cises. In September, 1960 SUMNER was again enroute to the Mediterranean.
Upon return from the Mediterranean SUMNER underwent an extensive seven month overhaul
under the Fleet Rehabilitation and Modernization program CFRAMD which was completed in Dec.,
On March 9, 1962, following, two months refresher training at Guantanamo Bay, Cuba, the
SUMNER departed for her fifth Mediterranean deployment.
This veteran destroyer proudly wears nine campaign ribbons on her bridge with Battle Stars
on her Pacific Theater and Korean Service Ribbons. The SUMNER boasts of being in continuous
service longer than any other destroyer in the United States Fleet.
CDR. WILLIAM J. FLYNN, USN
Son of Dr. and Mrs. Charles T. F
born in New Haven, Connecticut on February 4, 1923. He attended elf-gmeilgz-EY Eiuowing
Hamden and graduated from the Morgan School, Clinton, Connecticut in -
one year at Yale University, Commander Flynn entered the U.S. .Naval Academyii-1192116
apolis, Maryland from which he graduated wi th a Bachelor of Science. degree mh Atlantic
served his first duty on the USS WINSLOW CDD- 3595 on convoy Patrol 1D the Nort t nee
until the end of WW II then resumed normal destroyer operations including accept ad to
evaluation of the MK 56 gun fire control system as Gunnery Officer. In 1947 he repOI' G
. . . ' F'rst
the USS CORAL SEA CCVA-433 as a member of the commissioning crew serving as 1
Division Off' ' ' '
lynn of Branford, Connecticut, Commander Flynn was
xcer and Aide to the Executive Officer through 1950. Commander Flynn Wa
, , . . ' the
then toured as an instructor of Engineering Drawing and Descriptive Geometry ln
Department of Marine E ' '
ngineering, U.S. Naval Academy from 1950- 1952. Following tthii
was a tour in command of LSM-397 in the Amphibious Force, U.S. Atlantic F199 '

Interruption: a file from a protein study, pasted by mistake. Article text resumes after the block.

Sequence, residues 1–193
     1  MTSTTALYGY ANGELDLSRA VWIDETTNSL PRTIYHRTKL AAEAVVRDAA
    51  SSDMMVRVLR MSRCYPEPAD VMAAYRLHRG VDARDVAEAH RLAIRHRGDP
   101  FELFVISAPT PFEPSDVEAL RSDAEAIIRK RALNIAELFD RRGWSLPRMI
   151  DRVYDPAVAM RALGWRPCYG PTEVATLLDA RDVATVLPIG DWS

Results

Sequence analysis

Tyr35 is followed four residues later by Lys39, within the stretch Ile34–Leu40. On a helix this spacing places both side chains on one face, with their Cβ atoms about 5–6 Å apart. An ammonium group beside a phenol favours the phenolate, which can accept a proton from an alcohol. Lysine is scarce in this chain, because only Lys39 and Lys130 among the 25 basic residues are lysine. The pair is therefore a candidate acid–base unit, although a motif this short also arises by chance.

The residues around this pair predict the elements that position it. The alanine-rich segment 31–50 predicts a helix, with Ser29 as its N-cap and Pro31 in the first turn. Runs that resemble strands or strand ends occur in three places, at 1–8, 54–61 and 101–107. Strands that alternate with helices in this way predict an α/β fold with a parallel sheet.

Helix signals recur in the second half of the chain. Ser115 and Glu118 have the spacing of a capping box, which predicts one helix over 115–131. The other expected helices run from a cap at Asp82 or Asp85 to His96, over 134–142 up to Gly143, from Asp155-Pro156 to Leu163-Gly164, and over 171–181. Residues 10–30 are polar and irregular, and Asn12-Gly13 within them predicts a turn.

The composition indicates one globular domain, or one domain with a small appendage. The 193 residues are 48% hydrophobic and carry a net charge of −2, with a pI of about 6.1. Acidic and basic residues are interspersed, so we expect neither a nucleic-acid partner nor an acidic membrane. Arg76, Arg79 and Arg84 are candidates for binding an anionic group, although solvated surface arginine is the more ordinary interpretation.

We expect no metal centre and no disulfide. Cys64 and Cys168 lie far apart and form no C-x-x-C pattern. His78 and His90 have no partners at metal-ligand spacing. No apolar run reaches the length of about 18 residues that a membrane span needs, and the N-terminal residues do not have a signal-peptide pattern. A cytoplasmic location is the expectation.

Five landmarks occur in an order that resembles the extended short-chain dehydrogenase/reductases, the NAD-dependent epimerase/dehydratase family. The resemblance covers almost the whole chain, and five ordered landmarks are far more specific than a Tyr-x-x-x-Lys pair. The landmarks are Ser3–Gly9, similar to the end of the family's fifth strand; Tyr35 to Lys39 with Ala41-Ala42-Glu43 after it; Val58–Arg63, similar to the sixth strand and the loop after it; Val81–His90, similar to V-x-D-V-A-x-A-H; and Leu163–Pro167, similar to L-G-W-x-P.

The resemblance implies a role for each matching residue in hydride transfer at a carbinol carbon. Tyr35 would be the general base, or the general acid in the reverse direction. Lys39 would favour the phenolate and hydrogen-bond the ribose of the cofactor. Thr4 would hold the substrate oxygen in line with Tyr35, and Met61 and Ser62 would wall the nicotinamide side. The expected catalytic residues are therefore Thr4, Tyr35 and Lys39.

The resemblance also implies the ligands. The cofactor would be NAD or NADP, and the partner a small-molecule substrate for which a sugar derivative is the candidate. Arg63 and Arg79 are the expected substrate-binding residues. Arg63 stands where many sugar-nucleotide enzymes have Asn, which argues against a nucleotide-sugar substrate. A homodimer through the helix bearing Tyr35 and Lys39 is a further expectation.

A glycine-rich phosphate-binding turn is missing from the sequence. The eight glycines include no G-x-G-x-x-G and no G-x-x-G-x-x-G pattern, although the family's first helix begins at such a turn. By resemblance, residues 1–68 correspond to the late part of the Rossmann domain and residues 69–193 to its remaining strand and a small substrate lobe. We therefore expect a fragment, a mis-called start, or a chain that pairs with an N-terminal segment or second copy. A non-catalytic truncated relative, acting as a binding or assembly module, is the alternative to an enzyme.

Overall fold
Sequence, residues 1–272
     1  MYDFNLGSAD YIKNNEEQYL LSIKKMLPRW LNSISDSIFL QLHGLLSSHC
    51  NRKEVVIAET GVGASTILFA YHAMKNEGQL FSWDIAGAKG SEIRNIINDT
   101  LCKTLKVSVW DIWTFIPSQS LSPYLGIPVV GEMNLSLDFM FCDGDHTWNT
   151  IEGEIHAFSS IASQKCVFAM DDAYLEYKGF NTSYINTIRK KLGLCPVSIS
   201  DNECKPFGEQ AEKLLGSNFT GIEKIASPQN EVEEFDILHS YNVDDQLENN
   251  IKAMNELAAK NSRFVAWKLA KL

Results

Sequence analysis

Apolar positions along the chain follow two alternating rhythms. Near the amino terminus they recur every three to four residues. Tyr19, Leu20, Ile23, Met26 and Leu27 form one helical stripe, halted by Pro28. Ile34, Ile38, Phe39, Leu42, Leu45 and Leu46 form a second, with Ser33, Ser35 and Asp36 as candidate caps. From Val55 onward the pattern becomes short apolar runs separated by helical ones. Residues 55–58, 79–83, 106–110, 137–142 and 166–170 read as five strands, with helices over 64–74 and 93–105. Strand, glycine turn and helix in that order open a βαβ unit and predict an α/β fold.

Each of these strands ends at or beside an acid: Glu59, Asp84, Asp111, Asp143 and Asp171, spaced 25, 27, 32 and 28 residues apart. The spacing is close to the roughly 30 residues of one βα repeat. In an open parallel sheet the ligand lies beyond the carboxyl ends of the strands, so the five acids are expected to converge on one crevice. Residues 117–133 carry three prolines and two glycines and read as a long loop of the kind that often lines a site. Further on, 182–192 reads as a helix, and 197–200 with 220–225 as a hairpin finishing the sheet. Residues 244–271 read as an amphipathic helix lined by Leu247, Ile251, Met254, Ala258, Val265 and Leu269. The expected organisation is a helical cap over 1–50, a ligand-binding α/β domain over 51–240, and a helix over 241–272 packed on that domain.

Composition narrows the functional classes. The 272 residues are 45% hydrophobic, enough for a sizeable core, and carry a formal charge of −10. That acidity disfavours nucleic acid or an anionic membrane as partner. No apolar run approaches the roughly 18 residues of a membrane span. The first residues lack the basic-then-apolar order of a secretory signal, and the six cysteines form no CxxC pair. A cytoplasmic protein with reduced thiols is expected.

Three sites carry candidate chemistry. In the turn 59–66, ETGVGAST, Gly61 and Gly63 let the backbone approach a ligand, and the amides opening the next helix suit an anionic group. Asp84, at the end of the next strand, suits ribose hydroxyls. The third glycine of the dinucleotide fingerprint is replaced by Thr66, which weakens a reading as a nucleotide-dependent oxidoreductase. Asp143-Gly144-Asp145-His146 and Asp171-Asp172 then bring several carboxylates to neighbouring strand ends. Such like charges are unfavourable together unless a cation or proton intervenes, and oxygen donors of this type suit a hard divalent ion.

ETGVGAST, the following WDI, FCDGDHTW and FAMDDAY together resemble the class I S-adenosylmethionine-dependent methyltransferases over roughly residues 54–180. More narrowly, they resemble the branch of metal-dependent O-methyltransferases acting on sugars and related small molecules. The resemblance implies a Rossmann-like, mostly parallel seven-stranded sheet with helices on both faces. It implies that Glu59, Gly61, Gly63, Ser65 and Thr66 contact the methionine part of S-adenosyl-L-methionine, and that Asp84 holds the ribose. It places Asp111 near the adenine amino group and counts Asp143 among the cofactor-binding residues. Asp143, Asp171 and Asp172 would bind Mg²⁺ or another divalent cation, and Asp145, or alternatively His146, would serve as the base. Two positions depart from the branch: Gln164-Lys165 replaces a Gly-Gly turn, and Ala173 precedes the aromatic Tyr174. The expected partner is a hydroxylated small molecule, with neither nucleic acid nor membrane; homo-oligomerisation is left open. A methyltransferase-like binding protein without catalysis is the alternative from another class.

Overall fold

1954 Commander Flynn r
eported as Senior Damage Control Inspector and Instructor F166
Training Grou Ch
p, esapeake Bay. On detachment in May, 1956 he was assigned as Efecutwe
OffiCe1' USS ROBERT K. HU I .
NTINGTON CDD-7813 serving in that capacity HHU1-my,
1958 at which time he reported to the Engineering Department, U.S. Naval Academy as ag
instructor in Applied Thermodynamics. Detached in June 1961, Commander Flynn repOl't9
Shortly thereafter as Commanding Officer of the SUMNER while she was in the Shlpyardv
in Charleston, S.C. undergoing her Fram II conversion.
Commander Flynn is m '
arried to the former Charlotte M. Glynn of Portsmouth, Virginia-
They have two children Peter B '
, . and Harriett A. Flynn.
LT CHARLES F NASON USN
A graduate of W1ll1ams College L1eutenant Nason recerved h1s oomm1ss1on through
Offloer Candldates School Newport RI 1D May 1953 Followlng two years aboard mlne
sweepers ln var1ous engmeermg blllets and fmally as Exeoutwe Offloer he reported to the
USS WISCONSIN CBB 64D where he served on the staff of Commander Battleshlp D1v1s1on
TWO The USS DALY CDD 5195 and the USS MACON CCA 132D were hls next asslgnments
Upon oompletmg a tour of shore duty as an lnstruotor at the U S Naval School Communl
oat1ons 1n Newport R I LT NASON was ordered to the USS BIGELOW CDD 9425 as ope
ratlons Offloer 1n wh1oh oapao1ty he served unt1lreport1ng on board the SUMNER as Exeou
t1ve Offloer rn February 1962
LT NASON now resldes 1n Jaoksonvllle Flor1da wlth h1S Wlfe and four ohlldren
LT. G.E. PILLOW
LT. D.L. WILBURN
LTJG. H. SIPPLE
ENS. .l..I. DAVIS
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o mvusloN OFFICER ELECTRONICS MATERIAL OFFICER
R- Pe'Ce1'SCI1, ETCM J. Anthony, RDI T. Brown, RDZ H. Hain, ETZ W. Kirk, RDZ
W- Simon, RD2 T. Cozzens, ET3 H. Dunn, ET3
L- Esko, ET3 W. Ewing, ET3 D. Hodges' RD3
R. Margoni, ET3
R. McLean, R133 P Reed
J. Sxlver, RD3 K. Smith, RD3 R. Stirpak, RD3
R. Strickland, RD3 K. Tratnik, RD3 J. Bielefeld, RD3
A. Cook, RDSN J. Dowd, RDSN J. Ferguson, RDSN